25th CRE United Way Breakfast Raises $3M, Fetes Alan LeventhalNovember 12, 2018 - By Mike Hoban
BOSTON— In keeping with the prior 24 programs, the 25th Annual United Way Real Estate Leadership and Building Industry Breakfast proved a resounding success, raising over $3 million that is funding innovative programs aimed at ending family homelessness in Greater Boston. More than 1,200 commercial real estate professionals filled the Hynes Convention Center Wednesday morning to support the cause, many of whom participated in a smartphone fundraising round that saw an additional $50,000 added to the coffers. This year’s fundraiser pushed the breakfast’s quarter-century total raised above $48 million, monies which have helped 375,000 Massachusetts families through initiatives which stabilize communities through housing and supporting residents struggling to survive.
This year’s event honored Beacon Capital Partners CEO Alan Leventhal with the United Way Norman B. Leventhal/Edwin N. Sidman Real Estate and Building Industry Leadership Award, bestowed annually upon individuals or firms who have made professional and charitable contributions to the CRE community. It is named after his late father and the late Edwin N. Sidman, principals at BCP forerunner Beacon Properties Corp. who were legendary for the firm’s enduring development activities in metropolitan Boston, as well as their proclivity for philanthropy. In that regard, Alan Leventhal has demonstrated acumen in both areas, according to New England Development founder Stephen R. Karp, on hand to present him the award.
“Alan is, in no uncertain terms, a role model to many of us in this city and in this industry,” said Karp, further telling the attendees that Leventhal “has been described as having a quiet tenacity, but does things with great intensity; he is known in the real estate industry as a brilliant analyst with a cool knack for breaking with conventional wisdom and knowing when to buy and when to sell; and almost no one has been better at it than Alan.”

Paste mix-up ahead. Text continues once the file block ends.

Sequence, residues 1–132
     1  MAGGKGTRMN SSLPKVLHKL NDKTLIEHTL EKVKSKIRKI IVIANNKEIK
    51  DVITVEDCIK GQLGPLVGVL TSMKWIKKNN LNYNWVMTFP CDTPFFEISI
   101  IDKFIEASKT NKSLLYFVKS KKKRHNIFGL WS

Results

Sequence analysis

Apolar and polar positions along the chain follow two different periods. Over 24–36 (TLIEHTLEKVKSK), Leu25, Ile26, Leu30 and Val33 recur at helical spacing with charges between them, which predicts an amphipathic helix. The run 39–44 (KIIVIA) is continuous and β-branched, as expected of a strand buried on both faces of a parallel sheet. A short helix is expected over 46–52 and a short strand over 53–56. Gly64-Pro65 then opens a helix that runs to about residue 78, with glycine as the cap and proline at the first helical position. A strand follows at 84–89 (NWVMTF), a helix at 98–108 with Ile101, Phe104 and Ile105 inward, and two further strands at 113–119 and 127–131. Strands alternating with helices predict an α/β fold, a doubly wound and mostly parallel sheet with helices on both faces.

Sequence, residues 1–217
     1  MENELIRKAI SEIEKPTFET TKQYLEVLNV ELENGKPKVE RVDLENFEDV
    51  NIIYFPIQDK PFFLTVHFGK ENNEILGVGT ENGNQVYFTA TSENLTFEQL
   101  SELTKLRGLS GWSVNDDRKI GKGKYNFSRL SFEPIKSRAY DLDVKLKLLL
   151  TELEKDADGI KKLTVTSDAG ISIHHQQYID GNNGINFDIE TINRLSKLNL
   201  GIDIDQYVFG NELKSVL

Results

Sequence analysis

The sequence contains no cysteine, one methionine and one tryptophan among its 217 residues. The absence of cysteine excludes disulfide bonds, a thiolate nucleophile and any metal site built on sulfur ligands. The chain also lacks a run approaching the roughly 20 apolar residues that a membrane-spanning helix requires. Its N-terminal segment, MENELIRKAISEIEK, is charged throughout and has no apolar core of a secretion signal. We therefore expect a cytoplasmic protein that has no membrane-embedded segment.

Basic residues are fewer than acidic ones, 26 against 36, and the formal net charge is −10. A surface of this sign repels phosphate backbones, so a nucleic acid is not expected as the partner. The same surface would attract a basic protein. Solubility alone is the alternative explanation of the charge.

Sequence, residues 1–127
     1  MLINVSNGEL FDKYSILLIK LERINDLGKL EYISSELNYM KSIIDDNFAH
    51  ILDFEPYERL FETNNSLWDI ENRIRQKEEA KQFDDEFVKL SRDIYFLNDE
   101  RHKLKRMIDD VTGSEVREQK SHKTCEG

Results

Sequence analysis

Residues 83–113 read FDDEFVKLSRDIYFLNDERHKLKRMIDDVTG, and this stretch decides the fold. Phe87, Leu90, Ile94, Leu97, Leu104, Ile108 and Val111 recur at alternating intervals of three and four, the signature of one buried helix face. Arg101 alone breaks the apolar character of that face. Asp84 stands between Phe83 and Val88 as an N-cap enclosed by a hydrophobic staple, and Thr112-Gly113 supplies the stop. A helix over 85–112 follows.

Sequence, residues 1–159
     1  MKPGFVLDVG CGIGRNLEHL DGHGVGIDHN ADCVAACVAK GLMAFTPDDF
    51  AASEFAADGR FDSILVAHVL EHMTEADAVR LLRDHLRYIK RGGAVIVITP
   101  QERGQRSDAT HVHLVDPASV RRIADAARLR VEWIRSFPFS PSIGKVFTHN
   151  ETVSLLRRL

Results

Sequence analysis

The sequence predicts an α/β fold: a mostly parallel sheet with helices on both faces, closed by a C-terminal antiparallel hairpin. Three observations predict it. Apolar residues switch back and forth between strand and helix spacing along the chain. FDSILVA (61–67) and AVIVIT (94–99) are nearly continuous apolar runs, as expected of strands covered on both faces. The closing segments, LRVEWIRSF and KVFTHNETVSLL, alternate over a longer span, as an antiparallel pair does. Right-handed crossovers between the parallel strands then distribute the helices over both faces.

Leventhal thanked the United Way and gave a brief history of the Boston real estate community’s extended relationship with the organization. “Today the role of United Way—as a uniter, and as a builder of community—could not be more important,” he relayed in impassioned remarks. “We live in a world today that is more divisive and more filled with hate and violence than any period of time in my lifetime,” referencing the slaughter of 11 people at the Tree of Life Congregation synagogue in Pittsburgh last month, an incident he decried as the latest “continuation of this vicious environment.” Quoting Massachusetts Institute of Technology President L. Rafael Reif, Leventhal continued, offering “(we) need to know that violence, and racism, and harassment, and bullying are out of bounds: period. We have a duty to treat each other with respect, sympathy, decency, humility and kindness . . . and this is work we have to do ourselves. But by doing it every day, we can each of us repair our divided nation.”
In concluding, Leventhal observed to the audience that “it is up to us as individuals to build our community and to build our nation’s future,” and closed with the rhetorical question, “As we look to the future of our community, what could be more important than the work of the United Way and its efforts to help build the lives of the most vulnerable, the homeless?”
Michael K. Durkin, president of United Way of Massachusetts Bay and Merrimack Valley, informed the audience that despite the booming local economy and valiant efforts of the CRE sector and others, there are 21,000 children in Massachusetts homeless. In response, the United Way has launched a new program, the Family-Led Stability Pilot, a collaboration of for-profit, non-profit and government organizations seeking to address homelessness in Boston by supporting children. The pilot program identifies homeless students in seven Boston Public Schools, provides social and educational guidance to those children and their parents, and places families in affordable housing within one mile of the school. And with the help of the CRE community, Durkin says, “we have a chance to change how homeless families live and really to thrive if we get together with them.”Alan Leventhal Stephen Karp